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Disposable sterile cover and restraint for surgical arm support

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Publication number
US5291903A
US5291903A US08007824 US782493A US5291903A US 5291903 A US5291903 A US 5291903A US 08007824 US08007824 US 08007824 US 782493 A US782493 A US 782493A US 5291903 A US5291903 A US 5291903A
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Prior art keywords
arm
patient
sheath
support
portion
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Legal status (The legal status is an assumption and is not a legal conclusion. Google has not performed a legal analysis and makes no representation as to the accuracy of the status listed.)
Expired - Lifetime
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US08007824
Inventor
Thomas C. Reeves
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Production Products Inc
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Production Products Inc
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    • AHUMAN NECESSITIES
    • A61MEDICAL OR VETERINARY SCIENCE; HYGIENE
    • A61FFILTERS IMPLANTABLE INTO BLOOD VESSELS; PROSTHESES; DEVICES PROVIDING PATENCY TO, OR PREVENTING COLLAPSING OF, TUBULAR STRUCTURES OF THE BODY, E.G. STENTS; ORTHOPAEDIC, NURSING OR CONTRACEPTIVE DEVICES; FOMENTATION; TREATMENT OR PROTECTION OF EYES OR EARS; BANDAGES, DRESSINGS OR ABSORBENT PADS; FIRST-AID KITS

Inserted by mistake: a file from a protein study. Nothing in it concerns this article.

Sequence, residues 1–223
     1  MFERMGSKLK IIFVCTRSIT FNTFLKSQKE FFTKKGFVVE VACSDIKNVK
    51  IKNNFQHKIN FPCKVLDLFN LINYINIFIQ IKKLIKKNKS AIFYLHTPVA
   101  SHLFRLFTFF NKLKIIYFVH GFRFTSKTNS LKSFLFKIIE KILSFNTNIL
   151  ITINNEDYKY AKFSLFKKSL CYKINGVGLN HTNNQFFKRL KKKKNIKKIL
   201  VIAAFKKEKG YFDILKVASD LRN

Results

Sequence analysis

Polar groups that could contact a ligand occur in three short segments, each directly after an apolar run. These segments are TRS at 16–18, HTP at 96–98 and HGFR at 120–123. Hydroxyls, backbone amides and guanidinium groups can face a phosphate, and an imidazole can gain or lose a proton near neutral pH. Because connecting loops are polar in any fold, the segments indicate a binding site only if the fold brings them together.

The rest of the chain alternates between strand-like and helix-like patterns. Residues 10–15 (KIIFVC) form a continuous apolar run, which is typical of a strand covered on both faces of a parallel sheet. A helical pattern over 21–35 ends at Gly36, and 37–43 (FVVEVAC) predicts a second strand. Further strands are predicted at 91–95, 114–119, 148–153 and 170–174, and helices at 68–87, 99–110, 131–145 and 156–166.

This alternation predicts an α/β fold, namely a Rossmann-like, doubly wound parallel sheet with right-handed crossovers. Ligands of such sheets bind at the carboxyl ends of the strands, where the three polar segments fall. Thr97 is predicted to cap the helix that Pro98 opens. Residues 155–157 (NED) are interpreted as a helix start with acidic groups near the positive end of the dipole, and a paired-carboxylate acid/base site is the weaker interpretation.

• A61F5/00Orthopaedic methods or devices for non-surgical treatment of bones or joints; Nursing devices; Anti-rape devices
    • A61F5/37Restraining devices for the body or for body parts, e.g. slings; Restraining shirts
    • A61F5/3761Restraining devices for the body or for body parts, e.g. slings; Restraining shirts for attaching the limbs to other objects
    • AHUMAN NECESSITIES
    • A61MEDICAL OR VETERINARY SCIENCE; HYGIENE
    • A61MDEVICES FOR INTRODUCING MEDIA INTO, OR ONTO, THE BODY; DEVICES FOR TRANSDUCING BODY MEDIA OR FOR TAKING MEDIA FROM THE BODY; DEVICES FOR PRODUCING OR ENDING SLEEP OR STUPOR
    • A61M5/00Devices for bringing media into the body in a subcutaneous, intra-vascular or intramuscular way; Accessories therefor, e.g. filling or cleaning devices, arm-rests
    • A61M5/52Arm-rests
    • YGENERAL TAGGING OF NEW TECHNOLOGICAL DEVELOPMENTS; GENERAL TAGGING OF CROSS-SECTIONAL TECHNOLOGIES SPANNING OVER SEVERAL SECTIONS OF THE IPC; TECHNICAL SUBJECTS COVERED BY FORMER USPC CROSS-REFERENCE ART COLLECTIONS [XRACs] AND DIGESTS
    • Y10TECHNICAL SUBJECTS COVERED BY FORMER USPC
    • Y10STECHNICAL SUBJECTS COVERED BY FORMER USPC CROSS-REFERENCE ART COLLECTIONS [XRACs] AND DIGESTS
    • Y10S128/00Surgery
    • Y10S128/15Hook and loop type fastener

Abstract